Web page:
Haunting After Heroism
Print Issue: January 2019
First responders face layers of risk. First is the possible harm during a response—being burned in a fire, hit by a bullet, or injured in a chaotic rescue operation.
Then there’s the possibility of long-term effects. Emerging seemingly unscathed from an event, responders may find at some point in the future—even years down the road—that they are now fighting a terminal disease, or a possibly fatal case of depression or addiction, that was triggered or caused by an experience they had during a response.
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“They are not only putting themselves on the line. They also putting their futures on the line,” says Harry Rhulen, an emergency response expert and ASIS International member who is coauthor of the book Disaster Ready People for a Disaster Ready America.
Take for example the 343 firefighters and paramedics who were among the 2,753 individuals who died in 9/11 attacks on the World Trade Center. The first responders had direct exposure to the building materials and breathed in dust carrying asbestos, lead, dioxins, and other potentially harmful substances.
As of September 11, 2018, the 17th anniversary of the attacks, more than 150 of the responders had died, according to New York Fire Department estimates. Some of these deaths have been recent, and many medical experts expect the death rate to continue to rise in the future. Scientists have found that numerous cancers, such as asbestos-related cancers, can lie dormant for decades before turning deadly.
“It’s not surprising what we are seeing now, 17 years later. Cancer can take a long time to develop when it’s caused by exposure to contaminants,” Rhulen says.
Some have also raised concerns about responders who are exposed to Florida’s recent algae emergency or “red tide,” which plagued the state’s Gulf Coast last year and continues to spread. Caused by the neurotoxin-producing algae Karenia brevis, the red tide has killed thousands of fish, released noxious fumes, and forced widespread beach closures. Studies have associated the recent occurrence of this tide with increases in nearby medical facility visits for respiratory issues.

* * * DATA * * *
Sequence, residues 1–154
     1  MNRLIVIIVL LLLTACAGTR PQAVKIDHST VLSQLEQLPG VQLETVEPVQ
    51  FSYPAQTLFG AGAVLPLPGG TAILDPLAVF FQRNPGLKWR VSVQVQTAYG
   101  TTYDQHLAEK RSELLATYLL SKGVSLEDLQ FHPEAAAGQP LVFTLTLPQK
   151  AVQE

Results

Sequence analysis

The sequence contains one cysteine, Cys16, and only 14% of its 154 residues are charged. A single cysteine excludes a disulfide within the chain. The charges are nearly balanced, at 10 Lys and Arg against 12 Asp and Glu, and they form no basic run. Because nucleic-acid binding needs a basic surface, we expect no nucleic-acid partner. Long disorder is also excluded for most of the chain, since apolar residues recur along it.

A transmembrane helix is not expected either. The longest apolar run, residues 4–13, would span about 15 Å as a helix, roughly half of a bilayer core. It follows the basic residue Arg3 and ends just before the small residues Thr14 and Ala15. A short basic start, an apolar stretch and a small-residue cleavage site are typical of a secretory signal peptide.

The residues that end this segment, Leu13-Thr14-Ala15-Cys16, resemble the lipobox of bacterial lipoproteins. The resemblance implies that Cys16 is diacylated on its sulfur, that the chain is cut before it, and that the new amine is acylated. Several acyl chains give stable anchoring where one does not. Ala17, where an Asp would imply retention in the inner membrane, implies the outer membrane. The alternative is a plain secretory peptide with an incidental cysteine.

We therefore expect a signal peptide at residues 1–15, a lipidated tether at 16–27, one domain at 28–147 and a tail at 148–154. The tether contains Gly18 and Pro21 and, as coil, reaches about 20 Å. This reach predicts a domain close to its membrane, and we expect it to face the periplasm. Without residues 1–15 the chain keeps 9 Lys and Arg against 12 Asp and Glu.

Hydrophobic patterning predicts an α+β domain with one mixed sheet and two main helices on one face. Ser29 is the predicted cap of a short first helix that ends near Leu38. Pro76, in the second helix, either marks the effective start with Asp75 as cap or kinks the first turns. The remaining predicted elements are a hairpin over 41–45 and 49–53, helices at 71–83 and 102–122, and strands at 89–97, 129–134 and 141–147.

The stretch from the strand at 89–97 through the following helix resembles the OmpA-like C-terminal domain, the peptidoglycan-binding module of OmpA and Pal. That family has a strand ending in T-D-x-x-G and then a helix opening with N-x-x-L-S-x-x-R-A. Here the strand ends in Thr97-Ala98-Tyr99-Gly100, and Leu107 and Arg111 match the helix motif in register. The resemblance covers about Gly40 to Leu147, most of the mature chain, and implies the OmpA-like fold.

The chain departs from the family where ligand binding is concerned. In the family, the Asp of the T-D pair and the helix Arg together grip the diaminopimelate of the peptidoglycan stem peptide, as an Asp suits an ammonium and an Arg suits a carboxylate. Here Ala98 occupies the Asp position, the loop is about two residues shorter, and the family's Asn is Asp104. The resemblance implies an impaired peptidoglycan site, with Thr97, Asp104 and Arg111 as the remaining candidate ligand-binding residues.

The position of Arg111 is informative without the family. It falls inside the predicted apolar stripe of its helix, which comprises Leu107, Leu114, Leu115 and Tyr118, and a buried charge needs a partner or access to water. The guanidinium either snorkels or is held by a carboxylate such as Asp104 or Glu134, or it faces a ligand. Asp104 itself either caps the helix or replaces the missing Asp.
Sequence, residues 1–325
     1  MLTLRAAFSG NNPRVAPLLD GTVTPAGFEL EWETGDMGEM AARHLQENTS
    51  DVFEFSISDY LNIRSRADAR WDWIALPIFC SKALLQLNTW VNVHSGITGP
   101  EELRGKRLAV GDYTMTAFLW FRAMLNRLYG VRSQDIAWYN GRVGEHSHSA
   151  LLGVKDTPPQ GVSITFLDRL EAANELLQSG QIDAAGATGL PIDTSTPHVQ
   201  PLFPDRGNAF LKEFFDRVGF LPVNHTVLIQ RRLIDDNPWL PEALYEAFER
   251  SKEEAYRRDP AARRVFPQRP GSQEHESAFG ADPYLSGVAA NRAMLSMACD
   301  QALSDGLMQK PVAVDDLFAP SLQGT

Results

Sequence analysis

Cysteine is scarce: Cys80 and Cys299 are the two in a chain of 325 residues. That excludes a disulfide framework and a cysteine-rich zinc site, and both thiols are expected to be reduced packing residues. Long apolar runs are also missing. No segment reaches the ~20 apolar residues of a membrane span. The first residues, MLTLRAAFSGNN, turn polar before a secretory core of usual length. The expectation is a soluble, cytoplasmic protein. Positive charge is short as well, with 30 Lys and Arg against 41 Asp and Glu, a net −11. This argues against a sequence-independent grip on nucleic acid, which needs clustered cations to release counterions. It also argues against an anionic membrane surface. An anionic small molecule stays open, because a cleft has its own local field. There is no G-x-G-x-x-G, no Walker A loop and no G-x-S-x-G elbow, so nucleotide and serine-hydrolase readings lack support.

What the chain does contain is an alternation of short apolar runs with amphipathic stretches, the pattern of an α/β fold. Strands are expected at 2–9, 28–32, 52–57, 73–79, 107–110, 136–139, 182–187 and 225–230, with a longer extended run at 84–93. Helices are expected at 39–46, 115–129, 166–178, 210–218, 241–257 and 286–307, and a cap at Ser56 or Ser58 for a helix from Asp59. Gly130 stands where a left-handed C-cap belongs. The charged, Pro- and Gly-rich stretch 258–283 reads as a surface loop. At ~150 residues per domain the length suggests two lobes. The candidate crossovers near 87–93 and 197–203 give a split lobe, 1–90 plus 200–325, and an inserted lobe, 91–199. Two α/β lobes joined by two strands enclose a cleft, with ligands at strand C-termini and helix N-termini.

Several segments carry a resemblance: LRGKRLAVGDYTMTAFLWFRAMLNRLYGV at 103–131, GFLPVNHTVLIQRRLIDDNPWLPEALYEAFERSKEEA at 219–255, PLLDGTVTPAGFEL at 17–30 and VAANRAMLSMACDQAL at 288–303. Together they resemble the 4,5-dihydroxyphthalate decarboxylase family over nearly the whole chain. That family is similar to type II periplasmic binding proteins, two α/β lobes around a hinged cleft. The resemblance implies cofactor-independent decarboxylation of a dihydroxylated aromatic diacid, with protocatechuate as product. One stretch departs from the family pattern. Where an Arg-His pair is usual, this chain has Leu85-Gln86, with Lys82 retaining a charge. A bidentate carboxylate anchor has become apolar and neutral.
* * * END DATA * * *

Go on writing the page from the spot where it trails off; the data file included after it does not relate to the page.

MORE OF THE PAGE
Moreover, besides the disasters themselves, the way that first responders are now used is also increasing their risk, Rhulen says. “They are being sent in more and more often, and more rapidly than ever before,” he explains. He offered the example of active shooter response. In the past, first responders would gather on the perimeter; now, they are expected to immediately seek out the shooter, which increases their risk.
And besides the physical health challenges, first responders also face long-term mental health risks, experts say.
A recent white paper issued by the Ruderman Family Foundation found that first responders (policemen and firefighters) are more likely to die by suicide than in the line of duty. The study found that there were at least 140 police officer suicides and 103 firefighter suicides in 2017. In comparison, 129 police officers and 93 firefighters died in the line of duty the same year. The suicides were the result of mental illness, including depression and post-traumatic stress disorder (PTSD), which stemmed from constant exposure to death and destruction, the study found.
“First responders are heroes who run towards danger every day in order to save the lives of others,” said Jay Ruderman, president of the Ruderman Family Foundation, in a statement. “They are also human beings, and their work exerts a toll on their mental health.”